The Stampless Folded Letter
shown above and to the left was sent from Providence, RI
by Mr. L. Robinson - Phenix Mills to
Samuel Slater and Sons in Webster,
Massachusetts. There is a very faint red 5 cent rate
at the upper right corner and a May 13, Providence CDS
at the upper left side. The cover was charged at the rate
set by the Postal Act of March 3, 1845, effective
July 1, 1845 which set the single letter rate at
5 cents for either paid or collect domestic
mail traveling under 300 miles.
Mr. L. Robinson,
(The Robinson's were a prominent
family in the Webster area)
who is possibly an agent for Samuel Slater &
Sons relates in the letter; the difficulty of obtaining
rail transportation for 310 bales of
cotton to be shipped to the Green Mill,
The letter has been penned by an E. W. Fletcher
for Mr. Robinson.
Mr. L. Robinson,
(The Robinson's were a prominent family in the
Webster area) who is possibly an
agent for Samuel Slater & Sons
relates in the letter; the difficulty of obtaining rail
transportation for 310 bales of cotton to
be shipped to the Green Mill, (Webster,
Massachusetts). The letter has
been penned by an E. W. Fletcher for Mr.
after building his original mill in Pawtucket
under the auspices of Almy and Brown, continued to
expand his business, constructing additional mills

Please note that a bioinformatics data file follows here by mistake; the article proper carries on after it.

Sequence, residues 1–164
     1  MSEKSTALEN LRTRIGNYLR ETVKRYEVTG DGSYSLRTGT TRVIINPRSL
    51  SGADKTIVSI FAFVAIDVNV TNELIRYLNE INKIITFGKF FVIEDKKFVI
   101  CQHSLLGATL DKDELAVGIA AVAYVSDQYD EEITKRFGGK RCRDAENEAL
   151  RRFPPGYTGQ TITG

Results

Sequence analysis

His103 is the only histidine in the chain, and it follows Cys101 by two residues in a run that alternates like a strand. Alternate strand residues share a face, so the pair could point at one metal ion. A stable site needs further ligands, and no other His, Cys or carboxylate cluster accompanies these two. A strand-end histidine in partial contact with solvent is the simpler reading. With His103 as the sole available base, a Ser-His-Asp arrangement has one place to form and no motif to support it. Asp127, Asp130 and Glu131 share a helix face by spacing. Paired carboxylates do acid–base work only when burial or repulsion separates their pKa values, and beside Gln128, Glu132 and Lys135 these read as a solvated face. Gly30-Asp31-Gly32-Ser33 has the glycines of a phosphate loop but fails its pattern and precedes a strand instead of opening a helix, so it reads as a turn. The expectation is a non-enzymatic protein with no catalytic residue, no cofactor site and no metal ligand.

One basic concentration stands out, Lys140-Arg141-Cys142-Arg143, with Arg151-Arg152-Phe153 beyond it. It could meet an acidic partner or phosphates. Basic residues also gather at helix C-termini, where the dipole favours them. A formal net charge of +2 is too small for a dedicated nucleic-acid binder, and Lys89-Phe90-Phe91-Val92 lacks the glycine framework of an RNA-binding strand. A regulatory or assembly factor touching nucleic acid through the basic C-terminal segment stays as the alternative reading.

in Providence, Slatersville and
Smithfield, Rhode Island and in Oxford
and Wilkinsonville, Massachusetts in
partnership with his father-in-law Oziel Wilkinson,
William Wilkinson and Timothy Green.
In 1812 Slater in partnership with Bela
Tiffany, (Born September 28, 1799 - Barkhamsted, CT)
purchased land in the area of what was to become the town of
Webster, Massachusetts and began construction of the
Old Green Mill. The mill began spinning cotton
into yarn in January 1813 and by the end of the
year a dye works had also been constructed
on the site. Slater continued to expand his business in Webster
under the name of Samuel Slater & Sons until his
death in 1835.
After Samuel's death,
his sons; John, George and
Horatio Nelson Slater continued to run the business.
John died in 1837 and George
died in 1843. Horatio continued to run the
business until his death in 1888.
Horatio Nelson Slater Jr. took over the company in
1888 and continued to run the company until he died
in 1899. Eventually the company was sold
in 1936 to the Cranston Print Works,
which still owns and operates the company today.
Slater was the son of Samuel Slater and
Hannah Wilkinson. He was born on
March 5, 1808 in Pawtucket, Rhode Island
and died in 1888 in Webster,
Massachusetts. He married Sarah Tiffany in
1838 and they had 5 children;
Esther P., John Francis, Sarah Jane,
Horatio Nelson Jr., and Mary.
Horatio, Jr. took over the management of the family
business after his father's death in 1888. At the time this
letter was written, Horatio Nelson Slater, Sr.
was in charge of the company.
was the son of William Slater of Derbyshire,
England who died in 1782. He
was born on June 9, 1768. He learned
the textile business while apprenticed to Jedediah Strutt
and Richard Arkwright in England and
emigrated to the United States in 1789.
the Phenix Mills were being run by the
Lonsdale Company, which was a part the merchant firm of
Brown and Ives and accounts for the tie-in
Rhode Island Bicentennial FDC - Slater Mill History
SFL to George Dana - Horn Print Works
for further background and history of the